And, it really can’t be understated just how much Robinson did for this Fresno State team as he led the Bulldogs in rebounds, points, blocks, and free throws while also coming in second for steals and assists. He also took the third-most three-point attempts on the team. If you watch any movie game, too, you’ll see Robinson attack off the dribble and breakdown opposing centers — especially the extra stuff ones.
You can see Robinson’s full powers against My New Mexico Lobos
Having grown up in Albuquerque and being a Lobo myself, this pains me to show you, BUT this was one of Robinson’s best games as everything is on display. Shooting, passing, attacking off the bounce, rim protection, ability to pick up some guards, handling of double and triple teams. UNM has ZERO answer for Robinson and all the different things he can do.
The biggest questions about Robinson all have to do about his perceived lack of athleticism. These questions were further magnified when Robinson did test particularly well in the agility drills at the NBA Combine. This will be most concerning on the defensive side of the ball as I know many teams will see him as a guy that can only protect the rim due to his lack of agility.
His rim protection numbers are also not stellar. 1.2 blocks per game is a low number for someone with a seven-foot four-inch wingspan. Teams will wonder why he didn’t block more shots despite that size. And when you watch the tape you will not see some defensive condor ready to swoop in and swat every shot.
I actually think the athletic limitation questions are a bit overblown as they were with Kelly Olynyk. Yeah, he won’t test well in drills, and no he’s not some awesome shot-blocker, but his skill and IQ make up for his lack of athleticism. As I would say with Kelly, just turn on the tape and show me where he gets taken advantage of on a consistent basis. It only happens against top-notch guys. And both Kelly and Orlando are more positional defenders who use their size to alter shots rather than block them. And I still think Robinson has a distinct strength advantage on Olynyk to where Robinson can stand up guys that try to back him down.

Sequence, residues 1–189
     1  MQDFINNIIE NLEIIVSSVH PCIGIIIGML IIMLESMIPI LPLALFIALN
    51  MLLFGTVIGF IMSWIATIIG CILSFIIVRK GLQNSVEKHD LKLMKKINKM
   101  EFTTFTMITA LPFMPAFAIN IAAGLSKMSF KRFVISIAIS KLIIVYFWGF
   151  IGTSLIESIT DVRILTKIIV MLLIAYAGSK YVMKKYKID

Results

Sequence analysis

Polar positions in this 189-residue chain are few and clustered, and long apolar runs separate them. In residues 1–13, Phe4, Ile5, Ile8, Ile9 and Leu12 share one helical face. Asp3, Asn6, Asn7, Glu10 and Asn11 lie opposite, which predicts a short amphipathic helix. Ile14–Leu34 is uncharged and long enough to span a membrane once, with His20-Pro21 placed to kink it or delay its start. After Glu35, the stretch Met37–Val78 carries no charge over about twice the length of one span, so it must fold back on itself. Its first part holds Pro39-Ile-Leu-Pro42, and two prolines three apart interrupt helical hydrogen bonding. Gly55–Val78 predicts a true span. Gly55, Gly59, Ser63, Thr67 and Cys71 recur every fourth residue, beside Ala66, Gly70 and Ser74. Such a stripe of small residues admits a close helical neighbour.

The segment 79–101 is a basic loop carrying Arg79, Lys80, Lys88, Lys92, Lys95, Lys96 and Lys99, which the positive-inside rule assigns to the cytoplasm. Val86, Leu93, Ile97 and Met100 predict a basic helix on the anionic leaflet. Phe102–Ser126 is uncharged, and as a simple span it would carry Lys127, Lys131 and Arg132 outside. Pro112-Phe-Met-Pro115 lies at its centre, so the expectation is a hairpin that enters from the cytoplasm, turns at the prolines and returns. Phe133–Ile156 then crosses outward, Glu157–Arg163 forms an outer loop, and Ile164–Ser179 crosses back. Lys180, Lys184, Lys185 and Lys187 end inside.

Also, if you look at the results from the 2022 NBA Combine, you’ll see Robinson actually beat some notable guys in the short shuttle, max vertical, and lane agility drills like Patrick Baldwin Jr., Hugo Besson, Kofi Cockburn, Ryan Rollins, Peyton Watson, and Blake Wesley to name a few. Where he did come last was in the three-quarter sprint and the vertical standing. I never put any stock into these drills, but if you do I wanted you to at least know the data and where the concern should be when it came to these tests.
Why would the Pistons draft a Kelly Olynyk when they have Kelly Olynyk you might be asking? Understudy baby! Olynyk is 31 and is only signed through 2024. That means Robinson could work on his craft this season in the G League, get time off the bench next year, before finally filling in a similar role to KO in his third year. That follows the development path of many a second-round pick that went on to have long careers.
This also gives the Pistons another option next to Beef Stew in the frontcourt who takes the pressure off Beef Stew developing that jumpshot. Robinson can space the floor and be the guy protecting the rim while Beef Stew keeps up his stellar switchability and tenacity getting to the rim and attacking the glass. I also think Robinson provides another offensive option in the second unit with his post play. He will be able to back guys down, score, and pass out of the post. This would also be great for a shooter like Isaiah Livers and a cutter and lob threat like Hamidou Diallo.
Personally, I would love for the Pistons to select Robinson over re-signing Marvin Bagley III or continuing with Luka Garza as Robinson has more skill than Bagley and is not a complete defensive liability like Garza. Robinson does have plenty of skills of a modern NBA center that can be utilized as mismatches and would be a welcome addition in the MotorCade.